When the starter gun went off I could smell the gunpowder as I set off at what felt like a steady pace. Sure, it was actually close to 6:00/mi; but I'd slow down by the time I'd left the park so I was sure that'd be okay. Sure enough, I did slow down; though maybe not quite as much as I was supposed to. I finished that first mile 31 seconds ahead of schedule so immediately started to slow down, and the second mile was close to what it was supposed to be. However, that was when I then hit The Park.

Two years ago I'd been working hard; but everything had fallen apart after the third mile due to the time I spent walking up the hills of this notorious housing estate. Last year I'd taken it easy and ran the entire route. This year: well yeah, it wasn't great. I think with having overdone the first mile I was now hitting these hills too fast and couldn't sustain the pace. One thing I've noticed is that if I slow down whilst on a hill I will walk. If I slow down before I reach the hill then it'll be okay and I'll run to the top no problem if I've judged the effort right.

This year when I walked I kept it short and got running again as soon and as often as I could until making it to the top where Tom and Alison had a Racecheck cheer point. It was good to see them; I'd hoped to see some other friends a little before that but had missed them. I knew they planned on moving the Racecheck cheer point to somewhere else on the course later too; but couldn't remember when it was going to be.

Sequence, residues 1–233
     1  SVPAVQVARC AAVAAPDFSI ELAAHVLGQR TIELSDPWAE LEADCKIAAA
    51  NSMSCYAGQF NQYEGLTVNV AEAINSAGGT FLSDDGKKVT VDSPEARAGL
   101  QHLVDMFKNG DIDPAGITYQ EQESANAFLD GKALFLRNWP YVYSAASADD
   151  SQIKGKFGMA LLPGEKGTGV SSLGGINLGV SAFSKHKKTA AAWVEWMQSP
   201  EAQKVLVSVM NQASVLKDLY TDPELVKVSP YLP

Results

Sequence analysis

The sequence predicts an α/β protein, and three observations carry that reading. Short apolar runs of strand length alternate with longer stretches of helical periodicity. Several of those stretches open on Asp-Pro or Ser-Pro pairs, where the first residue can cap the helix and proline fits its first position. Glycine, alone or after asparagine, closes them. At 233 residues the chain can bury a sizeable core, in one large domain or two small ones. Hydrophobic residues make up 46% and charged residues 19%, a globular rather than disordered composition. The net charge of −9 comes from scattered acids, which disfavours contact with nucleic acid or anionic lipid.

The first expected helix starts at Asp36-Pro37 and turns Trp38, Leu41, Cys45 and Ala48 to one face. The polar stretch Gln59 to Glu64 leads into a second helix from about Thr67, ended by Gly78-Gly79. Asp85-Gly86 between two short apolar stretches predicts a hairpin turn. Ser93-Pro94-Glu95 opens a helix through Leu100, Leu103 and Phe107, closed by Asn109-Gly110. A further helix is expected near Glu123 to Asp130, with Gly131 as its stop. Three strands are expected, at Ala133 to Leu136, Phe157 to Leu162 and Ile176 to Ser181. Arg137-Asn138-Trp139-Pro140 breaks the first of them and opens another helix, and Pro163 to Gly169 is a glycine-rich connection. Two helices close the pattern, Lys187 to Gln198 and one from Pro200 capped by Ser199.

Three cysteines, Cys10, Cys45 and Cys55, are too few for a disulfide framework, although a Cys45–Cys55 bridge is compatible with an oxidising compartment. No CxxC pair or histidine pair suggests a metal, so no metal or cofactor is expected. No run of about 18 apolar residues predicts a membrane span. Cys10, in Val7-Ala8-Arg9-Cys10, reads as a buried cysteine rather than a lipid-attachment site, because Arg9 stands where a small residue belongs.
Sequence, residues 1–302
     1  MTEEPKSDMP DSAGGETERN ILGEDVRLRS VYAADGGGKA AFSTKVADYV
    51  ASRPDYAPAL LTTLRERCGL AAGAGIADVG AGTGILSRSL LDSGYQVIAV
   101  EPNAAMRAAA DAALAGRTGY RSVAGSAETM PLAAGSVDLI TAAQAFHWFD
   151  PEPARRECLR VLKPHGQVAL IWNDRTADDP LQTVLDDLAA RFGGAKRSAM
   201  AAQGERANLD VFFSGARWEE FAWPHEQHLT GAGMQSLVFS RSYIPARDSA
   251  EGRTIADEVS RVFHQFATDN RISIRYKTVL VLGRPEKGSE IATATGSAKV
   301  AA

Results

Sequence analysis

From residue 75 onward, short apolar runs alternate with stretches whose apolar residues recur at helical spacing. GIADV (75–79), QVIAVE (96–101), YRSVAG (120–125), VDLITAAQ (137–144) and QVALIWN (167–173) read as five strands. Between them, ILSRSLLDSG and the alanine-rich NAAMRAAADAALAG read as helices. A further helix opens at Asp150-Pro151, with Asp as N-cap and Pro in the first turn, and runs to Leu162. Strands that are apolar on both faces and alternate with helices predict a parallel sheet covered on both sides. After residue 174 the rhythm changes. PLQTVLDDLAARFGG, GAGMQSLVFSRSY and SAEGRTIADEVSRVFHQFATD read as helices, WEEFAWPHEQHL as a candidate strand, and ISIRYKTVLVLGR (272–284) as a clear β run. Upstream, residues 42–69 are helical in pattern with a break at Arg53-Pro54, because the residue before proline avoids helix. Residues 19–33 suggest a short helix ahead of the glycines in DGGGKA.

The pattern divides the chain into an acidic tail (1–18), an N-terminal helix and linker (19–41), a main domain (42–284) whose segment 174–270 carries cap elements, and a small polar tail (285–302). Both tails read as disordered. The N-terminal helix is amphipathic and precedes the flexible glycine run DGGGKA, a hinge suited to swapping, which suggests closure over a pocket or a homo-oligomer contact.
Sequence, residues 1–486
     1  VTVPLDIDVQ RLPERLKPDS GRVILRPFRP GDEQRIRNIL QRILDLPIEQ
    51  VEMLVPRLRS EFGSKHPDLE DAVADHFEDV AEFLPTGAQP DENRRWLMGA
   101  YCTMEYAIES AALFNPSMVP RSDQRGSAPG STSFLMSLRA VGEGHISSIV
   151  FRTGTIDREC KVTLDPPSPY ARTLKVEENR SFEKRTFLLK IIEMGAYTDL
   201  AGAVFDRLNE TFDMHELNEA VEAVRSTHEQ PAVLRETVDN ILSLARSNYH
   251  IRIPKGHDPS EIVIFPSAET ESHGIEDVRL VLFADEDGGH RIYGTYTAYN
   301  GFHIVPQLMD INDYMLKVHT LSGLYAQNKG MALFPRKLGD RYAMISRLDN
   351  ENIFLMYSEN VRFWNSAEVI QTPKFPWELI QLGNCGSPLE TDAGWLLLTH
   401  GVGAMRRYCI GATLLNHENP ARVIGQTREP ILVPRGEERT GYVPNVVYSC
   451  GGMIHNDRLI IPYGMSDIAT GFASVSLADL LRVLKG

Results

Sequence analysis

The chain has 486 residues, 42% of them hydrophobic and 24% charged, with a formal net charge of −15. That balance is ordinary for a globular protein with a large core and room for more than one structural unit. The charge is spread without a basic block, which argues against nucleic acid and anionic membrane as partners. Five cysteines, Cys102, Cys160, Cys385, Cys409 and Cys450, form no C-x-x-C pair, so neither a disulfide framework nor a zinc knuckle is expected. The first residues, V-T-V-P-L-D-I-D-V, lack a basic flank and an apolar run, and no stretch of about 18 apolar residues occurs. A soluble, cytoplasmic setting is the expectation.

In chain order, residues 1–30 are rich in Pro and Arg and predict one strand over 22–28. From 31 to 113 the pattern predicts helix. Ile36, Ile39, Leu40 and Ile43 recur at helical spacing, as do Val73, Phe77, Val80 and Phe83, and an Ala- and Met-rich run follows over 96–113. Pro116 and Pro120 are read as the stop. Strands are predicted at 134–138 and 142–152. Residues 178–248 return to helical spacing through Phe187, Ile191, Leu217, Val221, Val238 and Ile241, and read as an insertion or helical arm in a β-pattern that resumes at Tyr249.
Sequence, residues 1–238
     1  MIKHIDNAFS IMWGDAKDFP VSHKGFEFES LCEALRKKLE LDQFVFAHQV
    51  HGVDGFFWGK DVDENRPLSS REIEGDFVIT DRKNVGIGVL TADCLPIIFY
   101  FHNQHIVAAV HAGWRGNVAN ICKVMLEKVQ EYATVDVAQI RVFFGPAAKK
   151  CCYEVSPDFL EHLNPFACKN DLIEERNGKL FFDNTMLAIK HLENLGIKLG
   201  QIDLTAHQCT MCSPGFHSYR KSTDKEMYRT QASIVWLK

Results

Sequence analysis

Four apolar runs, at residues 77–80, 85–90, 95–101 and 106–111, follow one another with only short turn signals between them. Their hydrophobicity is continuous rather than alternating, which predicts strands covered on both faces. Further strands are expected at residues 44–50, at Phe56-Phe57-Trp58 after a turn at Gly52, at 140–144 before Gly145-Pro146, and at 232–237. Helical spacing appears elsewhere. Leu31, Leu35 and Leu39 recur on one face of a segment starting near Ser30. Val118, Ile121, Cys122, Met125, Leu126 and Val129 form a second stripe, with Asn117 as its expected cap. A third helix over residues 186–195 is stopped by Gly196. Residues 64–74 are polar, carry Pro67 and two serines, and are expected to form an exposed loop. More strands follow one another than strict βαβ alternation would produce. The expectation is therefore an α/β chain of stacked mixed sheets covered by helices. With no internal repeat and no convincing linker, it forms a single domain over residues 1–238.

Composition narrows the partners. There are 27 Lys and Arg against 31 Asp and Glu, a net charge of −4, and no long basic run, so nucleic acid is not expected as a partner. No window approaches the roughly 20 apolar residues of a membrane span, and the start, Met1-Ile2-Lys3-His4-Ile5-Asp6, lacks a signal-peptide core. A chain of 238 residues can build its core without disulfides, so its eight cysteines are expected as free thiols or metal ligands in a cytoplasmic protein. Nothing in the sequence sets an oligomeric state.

Whilst thinking that I'd made good progress down the long descent passed Lenton, and was fast approaching the Mile 4 marker near the university. After the turn towards Wollaton Park I remembered having drive through the park in the summer, and how by car it seemed different finding the entrance. I was getting quite warm though, and was ready for some water. I took a few steps walking and then got back to running - barely making a dent in my average for the mile; but it was a reminder I needed to slow down. I'd done another 6:15 mile down Derby Road, and was on target for another mile being too fast. My plans for practicing a steady 6:50/mi pace really wasn't working out.

Inside the park I slowed down to grab some water (they've started sing new cartons that are much better!) but fumbled it and dropped it. I never attempted to take on water again during this race as whilst I could have done with some I figured it might be encouragement to get my pacing right. That wasn't going to happen though - then walked up the hill through the park before I started running again. I carried on running all the way out of the park and onto the road.